In what other people say about your world. Journalists, bloggers, analysts and experts are all paid (in one way or another) to secrete content. Get your paper towels out.

In everyday working docs. Those banal process documents meeting reports, project summaries and status updates.

In emails. Your email store is absolutely packed with content ready to discover and unleash. In your In box and your Sent folder. Internal emails. External emails. Marketing emails. Viagra spam. (Okay, maybe not Viagra spam – although I did once write a post on it).

In your social channels. Stop tweeting and just listen to every one else’s tweets for a few hours. Dig under the self-promotional layer in every LinkedIn group. Peel back the social veneer of Facebook. Shine a light into the darker corners of YouTube, Slideshare and Pinterest.

What makes great content?

That is a difficult question to answer. The short of it is, it’s different for every website, company, market, etc. My suggestion is do your research. Figure out what your customers are reading, viewing, liking, retweeting and do more of that. Posting one article will not help, be consistent. Ask your sales people or heaven forbid, ask your customers what they might be interested in seeing. Having great, relevant content is not easy. If it were, everyone would be doing it.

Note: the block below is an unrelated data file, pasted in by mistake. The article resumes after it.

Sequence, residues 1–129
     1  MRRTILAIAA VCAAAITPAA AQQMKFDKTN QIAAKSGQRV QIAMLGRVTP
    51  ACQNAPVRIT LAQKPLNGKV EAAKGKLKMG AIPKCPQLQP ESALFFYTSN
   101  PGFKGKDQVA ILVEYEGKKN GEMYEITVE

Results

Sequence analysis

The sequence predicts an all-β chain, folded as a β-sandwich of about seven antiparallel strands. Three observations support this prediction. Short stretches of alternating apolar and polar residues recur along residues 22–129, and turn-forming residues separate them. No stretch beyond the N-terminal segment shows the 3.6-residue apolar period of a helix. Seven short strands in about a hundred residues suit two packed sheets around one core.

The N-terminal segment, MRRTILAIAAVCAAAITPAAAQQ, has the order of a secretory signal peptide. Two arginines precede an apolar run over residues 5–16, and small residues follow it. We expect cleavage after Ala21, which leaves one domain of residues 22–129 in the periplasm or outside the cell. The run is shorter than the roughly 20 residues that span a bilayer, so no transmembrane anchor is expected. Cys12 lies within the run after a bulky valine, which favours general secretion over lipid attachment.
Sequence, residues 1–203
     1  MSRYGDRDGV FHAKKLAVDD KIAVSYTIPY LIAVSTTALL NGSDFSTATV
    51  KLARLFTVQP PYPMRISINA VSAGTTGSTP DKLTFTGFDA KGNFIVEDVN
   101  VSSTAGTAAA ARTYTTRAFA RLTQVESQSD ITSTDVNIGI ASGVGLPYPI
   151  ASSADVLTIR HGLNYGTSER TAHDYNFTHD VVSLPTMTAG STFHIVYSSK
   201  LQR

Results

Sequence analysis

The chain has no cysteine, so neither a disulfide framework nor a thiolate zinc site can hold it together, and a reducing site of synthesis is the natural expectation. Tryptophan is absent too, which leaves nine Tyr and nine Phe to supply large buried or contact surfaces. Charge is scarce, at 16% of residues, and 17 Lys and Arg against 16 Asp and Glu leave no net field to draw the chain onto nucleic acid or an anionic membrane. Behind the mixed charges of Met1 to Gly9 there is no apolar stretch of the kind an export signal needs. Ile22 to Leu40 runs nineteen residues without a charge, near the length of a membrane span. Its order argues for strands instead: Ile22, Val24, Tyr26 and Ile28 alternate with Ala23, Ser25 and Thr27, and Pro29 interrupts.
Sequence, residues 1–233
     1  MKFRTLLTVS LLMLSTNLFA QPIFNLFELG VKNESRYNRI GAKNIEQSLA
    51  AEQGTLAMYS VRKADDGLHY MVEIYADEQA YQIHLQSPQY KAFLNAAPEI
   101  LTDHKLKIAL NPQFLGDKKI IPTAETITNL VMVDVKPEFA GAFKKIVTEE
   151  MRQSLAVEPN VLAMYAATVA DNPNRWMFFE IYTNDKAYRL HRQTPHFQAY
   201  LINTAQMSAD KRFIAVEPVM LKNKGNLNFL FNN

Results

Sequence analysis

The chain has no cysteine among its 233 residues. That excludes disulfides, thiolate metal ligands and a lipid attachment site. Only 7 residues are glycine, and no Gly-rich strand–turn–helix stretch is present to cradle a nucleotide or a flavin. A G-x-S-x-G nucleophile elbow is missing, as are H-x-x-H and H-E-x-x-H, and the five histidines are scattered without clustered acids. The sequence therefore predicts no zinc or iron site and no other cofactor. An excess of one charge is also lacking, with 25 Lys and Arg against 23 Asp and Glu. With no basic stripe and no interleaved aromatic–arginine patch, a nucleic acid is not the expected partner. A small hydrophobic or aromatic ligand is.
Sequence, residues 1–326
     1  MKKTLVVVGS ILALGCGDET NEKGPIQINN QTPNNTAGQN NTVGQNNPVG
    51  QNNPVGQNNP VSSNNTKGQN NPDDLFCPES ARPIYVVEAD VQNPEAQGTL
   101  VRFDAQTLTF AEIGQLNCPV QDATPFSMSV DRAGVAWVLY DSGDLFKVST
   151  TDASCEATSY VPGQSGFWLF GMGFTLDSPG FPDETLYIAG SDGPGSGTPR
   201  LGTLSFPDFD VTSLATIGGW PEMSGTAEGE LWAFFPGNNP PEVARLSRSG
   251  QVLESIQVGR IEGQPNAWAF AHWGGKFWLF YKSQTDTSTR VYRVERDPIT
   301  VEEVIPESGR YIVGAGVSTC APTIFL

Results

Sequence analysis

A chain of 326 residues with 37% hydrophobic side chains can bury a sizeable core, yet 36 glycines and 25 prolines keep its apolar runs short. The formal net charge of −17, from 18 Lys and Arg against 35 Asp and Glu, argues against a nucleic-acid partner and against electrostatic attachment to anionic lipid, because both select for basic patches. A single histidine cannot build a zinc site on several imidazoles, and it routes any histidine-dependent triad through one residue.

Latest technology isn't always the right technology

Above is what I see now when I try to read an article on one of my favorite websites, Lifehacker. Lifehacker is an awesome resource, providing articles on all sorts of ways to improve your daily existence. I used to read almost every article on Lifehacker in Google Reader via RSS. Not so much anymore.

A little while back something changed. I am only speculating here so if I wrong feel free to correct me. It seems to me that Lifehacker’s parent company (Gawker) changed the way files were hosted. For example, generally website images are stored on the same domain as the website. If the domain is http://www.lifehacker.com, then the images might be stored at http://www.lifehacker.com/images/. A quick peek at their code shows me that their images are now being hosted at img.gawkerassests.com/img/. Normally, this might not be a big deal, after all Gawker and Lifehacker are the same company. The problem for me is, our corporate firewall software doesn’t like it, so the software blocks any files coming from that domain (images, css scripts, javascripts) and the results are what you see in the image above.

So why the the title? The experience got me thinking. In this case, Lifehacker has lost a reader because they changed to a “new”, “better” way of doing things. Many of us in web development and information technologies scramble to implement the latest thing. Case in point, Facebook’s mobile experiment, developing with HTML5 instead of a native application. Sometimes we should make sure what we are doing is best for our customers/visitors and not so we can play with the newest toys. JS.

I can still read Lifehacker on my phone, tablet and laptop, but I don’t look at it near as much as I used to.

Update: As of noon on 10/08/2012, whatever was broken with Lifehacker is now fixed. Yahhh!. Crazy that it is was broken for months before I wrote this.